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GDC 2012:  Loom  creator Brian Moriarty's 'sinister' school of game design
GDC 2012: Loom creator Brian Moriarty's 'sinister' school of game design
March 5, 2012 | By Tom Curtis

March 5, 2012 | By Tom Curtis
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In an Education Summit talk at the 2012 Game Developers Conference, Infocom and LucasArts veteran Brian Moriarty outlined some key principles of game design education, arguing that the best way to teach students is to force them to figure it out on their own.

Moriarty, who previously created titles such as Beyond Zork and Loom, now works as a professor at Worcester Polytechnic Institute, and in his talk he detailed his demanding strategy for "hurling students into the crucible of game design."

When planning his curriculum, Moriarty explained that he considered teaching students with tabletop "piecepacks," using dice, boards, markers, and the like. He soon realized, however, that digital games rely on their own unique set of building blocks.

"To me, digital games are made of code," he said. Therefore, "the fundamental activity students must be doing [for class] is assembling games in code."

The only problem was that Moriarty's introductory course had no programming requisite classes, so students didn't necessarily have any coding experience.

To create a solution, Moriarty drew inspiration from the 1943 novel The Glass Bead Game by Herman Hesse, which describes a game in which the rules and mechanics are not explained in detail. Using that concept, Moriarty set out to create a game engine that would teach students about coding with minimal guidance.

His eventual solution was a simple, Javascript-based engine dubbed Perlenspiel, which could create games using a mosaic-like grid (with a resolution of a medium-sized windows con), colored pixels (or "beads"), and a text-based status box.

Moriarty explained that Javascript became his language of choice because it is currently one of the most versatile and useful languages in nearly all realms of game development.

"Javascript is as real as programming languages get," he said. With the Perlenspiel engine, he hoped that students would learn "to finger out [game] ideas like notes on a piano."

He wanted the engine to become what he called a "gameclavier," or an inherently useful tool for designing, experimenting, and ultimately, creating games.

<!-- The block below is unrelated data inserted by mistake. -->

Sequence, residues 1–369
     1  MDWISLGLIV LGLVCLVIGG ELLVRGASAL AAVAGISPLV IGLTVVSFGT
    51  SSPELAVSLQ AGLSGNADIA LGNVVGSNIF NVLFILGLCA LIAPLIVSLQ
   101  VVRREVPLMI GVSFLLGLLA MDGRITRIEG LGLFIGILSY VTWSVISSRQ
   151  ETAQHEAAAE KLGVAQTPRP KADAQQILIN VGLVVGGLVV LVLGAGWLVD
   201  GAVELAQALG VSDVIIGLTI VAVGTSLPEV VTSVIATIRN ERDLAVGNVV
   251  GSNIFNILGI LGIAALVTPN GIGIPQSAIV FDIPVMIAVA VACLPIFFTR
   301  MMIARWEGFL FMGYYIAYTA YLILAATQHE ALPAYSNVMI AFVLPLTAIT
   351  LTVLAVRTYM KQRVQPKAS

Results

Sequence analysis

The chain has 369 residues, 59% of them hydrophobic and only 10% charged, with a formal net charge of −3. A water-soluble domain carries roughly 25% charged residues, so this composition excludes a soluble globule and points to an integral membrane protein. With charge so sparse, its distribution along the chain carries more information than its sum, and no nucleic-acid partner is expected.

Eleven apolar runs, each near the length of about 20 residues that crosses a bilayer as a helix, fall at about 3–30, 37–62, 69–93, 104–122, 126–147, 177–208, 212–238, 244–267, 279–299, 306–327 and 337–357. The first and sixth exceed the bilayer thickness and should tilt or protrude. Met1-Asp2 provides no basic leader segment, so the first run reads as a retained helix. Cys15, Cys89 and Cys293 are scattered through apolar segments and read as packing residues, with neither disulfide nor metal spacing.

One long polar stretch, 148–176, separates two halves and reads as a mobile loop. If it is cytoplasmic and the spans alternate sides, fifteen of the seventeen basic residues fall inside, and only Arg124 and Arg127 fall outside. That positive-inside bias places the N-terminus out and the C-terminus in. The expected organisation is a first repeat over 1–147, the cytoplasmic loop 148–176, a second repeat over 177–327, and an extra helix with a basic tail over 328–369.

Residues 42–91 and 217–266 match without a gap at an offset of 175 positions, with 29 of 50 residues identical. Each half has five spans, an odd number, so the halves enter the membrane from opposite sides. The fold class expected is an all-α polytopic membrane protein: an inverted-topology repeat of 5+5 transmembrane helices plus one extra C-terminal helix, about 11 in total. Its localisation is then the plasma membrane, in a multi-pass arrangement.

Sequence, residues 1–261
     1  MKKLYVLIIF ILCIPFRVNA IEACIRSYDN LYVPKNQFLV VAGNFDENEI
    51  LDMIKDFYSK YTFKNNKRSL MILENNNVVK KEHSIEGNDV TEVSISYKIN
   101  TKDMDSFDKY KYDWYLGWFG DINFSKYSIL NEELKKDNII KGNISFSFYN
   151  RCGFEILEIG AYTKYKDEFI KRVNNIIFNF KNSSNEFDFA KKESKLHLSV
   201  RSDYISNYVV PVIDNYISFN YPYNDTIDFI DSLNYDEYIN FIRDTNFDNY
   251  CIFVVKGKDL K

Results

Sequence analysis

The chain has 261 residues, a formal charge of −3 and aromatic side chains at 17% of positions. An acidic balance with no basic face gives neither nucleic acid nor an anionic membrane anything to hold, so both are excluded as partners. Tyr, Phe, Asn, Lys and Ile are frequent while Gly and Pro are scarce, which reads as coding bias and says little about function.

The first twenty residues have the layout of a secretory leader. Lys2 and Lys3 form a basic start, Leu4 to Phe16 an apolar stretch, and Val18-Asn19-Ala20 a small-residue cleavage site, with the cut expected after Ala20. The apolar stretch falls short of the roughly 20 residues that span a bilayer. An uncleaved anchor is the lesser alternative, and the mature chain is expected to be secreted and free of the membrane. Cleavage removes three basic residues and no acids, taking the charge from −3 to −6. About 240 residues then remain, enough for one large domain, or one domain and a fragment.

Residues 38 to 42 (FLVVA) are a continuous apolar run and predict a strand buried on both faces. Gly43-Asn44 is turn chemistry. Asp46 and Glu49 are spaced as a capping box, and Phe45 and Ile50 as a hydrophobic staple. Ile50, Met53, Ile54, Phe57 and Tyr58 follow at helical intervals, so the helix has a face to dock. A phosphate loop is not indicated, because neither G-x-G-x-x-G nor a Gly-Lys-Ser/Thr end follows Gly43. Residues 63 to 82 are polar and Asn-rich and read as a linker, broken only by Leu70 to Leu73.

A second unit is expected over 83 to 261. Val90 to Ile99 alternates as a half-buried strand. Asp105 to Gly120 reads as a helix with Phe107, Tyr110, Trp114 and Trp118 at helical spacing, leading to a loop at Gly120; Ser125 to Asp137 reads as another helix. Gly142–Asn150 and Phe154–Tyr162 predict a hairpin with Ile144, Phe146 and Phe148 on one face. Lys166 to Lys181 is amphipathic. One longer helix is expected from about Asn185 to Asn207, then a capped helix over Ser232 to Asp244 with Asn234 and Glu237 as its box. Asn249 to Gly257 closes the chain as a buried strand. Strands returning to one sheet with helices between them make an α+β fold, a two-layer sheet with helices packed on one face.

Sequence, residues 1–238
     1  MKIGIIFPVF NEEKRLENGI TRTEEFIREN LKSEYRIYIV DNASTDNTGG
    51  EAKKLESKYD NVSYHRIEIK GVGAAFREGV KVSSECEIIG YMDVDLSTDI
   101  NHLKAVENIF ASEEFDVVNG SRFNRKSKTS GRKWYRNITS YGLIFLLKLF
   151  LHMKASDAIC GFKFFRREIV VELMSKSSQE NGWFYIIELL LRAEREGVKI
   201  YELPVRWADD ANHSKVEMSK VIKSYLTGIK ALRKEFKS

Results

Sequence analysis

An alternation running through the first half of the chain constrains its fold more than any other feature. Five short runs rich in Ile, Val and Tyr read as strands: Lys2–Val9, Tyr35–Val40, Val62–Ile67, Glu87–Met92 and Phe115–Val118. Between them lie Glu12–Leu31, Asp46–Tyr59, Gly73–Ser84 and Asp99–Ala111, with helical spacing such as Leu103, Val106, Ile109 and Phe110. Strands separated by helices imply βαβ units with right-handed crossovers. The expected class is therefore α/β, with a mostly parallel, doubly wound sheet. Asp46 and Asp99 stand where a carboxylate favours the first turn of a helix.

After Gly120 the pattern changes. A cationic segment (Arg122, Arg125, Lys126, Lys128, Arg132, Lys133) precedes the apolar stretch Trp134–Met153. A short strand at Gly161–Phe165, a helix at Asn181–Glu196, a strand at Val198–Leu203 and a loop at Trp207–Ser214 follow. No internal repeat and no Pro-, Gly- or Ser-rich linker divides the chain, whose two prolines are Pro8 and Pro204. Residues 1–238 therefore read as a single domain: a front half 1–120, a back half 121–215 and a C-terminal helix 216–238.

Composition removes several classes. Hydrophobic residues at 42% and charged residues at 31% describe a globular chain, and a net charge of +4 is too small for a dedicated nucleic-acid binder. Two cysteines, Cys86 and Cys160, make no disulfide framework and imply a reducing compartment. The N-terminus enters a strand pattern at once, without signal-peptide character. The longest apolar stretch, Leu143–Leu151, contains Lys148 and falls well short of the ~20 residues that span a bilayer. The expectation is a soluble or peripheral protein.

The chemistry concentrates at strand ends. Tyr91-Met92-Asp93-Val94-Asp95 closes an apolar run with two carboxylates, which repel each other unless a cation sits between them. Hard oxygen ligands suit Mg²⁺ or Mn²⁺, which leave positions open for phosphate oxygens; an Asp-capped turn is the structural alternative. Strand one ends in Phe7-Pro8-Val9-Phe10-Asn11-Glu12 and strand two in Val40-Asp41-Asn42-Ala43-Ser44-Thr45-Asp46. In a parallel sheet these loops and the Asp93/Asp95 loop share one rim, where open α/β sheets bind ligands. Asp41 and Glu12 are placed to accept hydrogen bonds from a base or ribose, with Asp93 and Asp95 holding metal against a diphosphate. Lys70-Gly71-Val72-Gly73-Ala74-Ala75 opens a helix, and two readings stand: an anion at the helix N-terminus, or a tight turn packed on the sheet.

Thus, Moriarty introduced his Perlenspiel engine at the beginning of his seven-week design course, and tasked students with creating a total of six titles within that limited period. Moriarty himself described the workload as "sinister," but said that the short time between projects (and the limited engine) helped students strip down game design to its essentials.

As Moriarty described it, students could do little more with the Perlenspiel engine than "change the appearance of the beads, the grid, or the status line," meaning their games couldn't have characters, backstories, or any superfluous elements -- everything came down to the mechanics.

One additional caveat in the course was that students had to create games that fell into several categories. First, they had to create a toy, or "something that elicits play," followed by a "game" proper, or a toy with rules and a goal, and finally, they had to create puzzles, or games with a solution.

With these guidelines in place, students came up with a wide variety of concepts as the course progressed, spanning drawing tools, virtual mazes, and eventually basic adventure games.

By the end of the course, Moriarty said that "course evaluations were unanimously positive," and students clearly appreciated all they learned. Moriarty, however, realized that he course had taught him quite a bit as well.

"Looking back on the experimentů I realized that I had not built the gameclavier I was looking forů I thought I was building a game engine for teaching game design, but I really built an engine that taught me how to teach game design."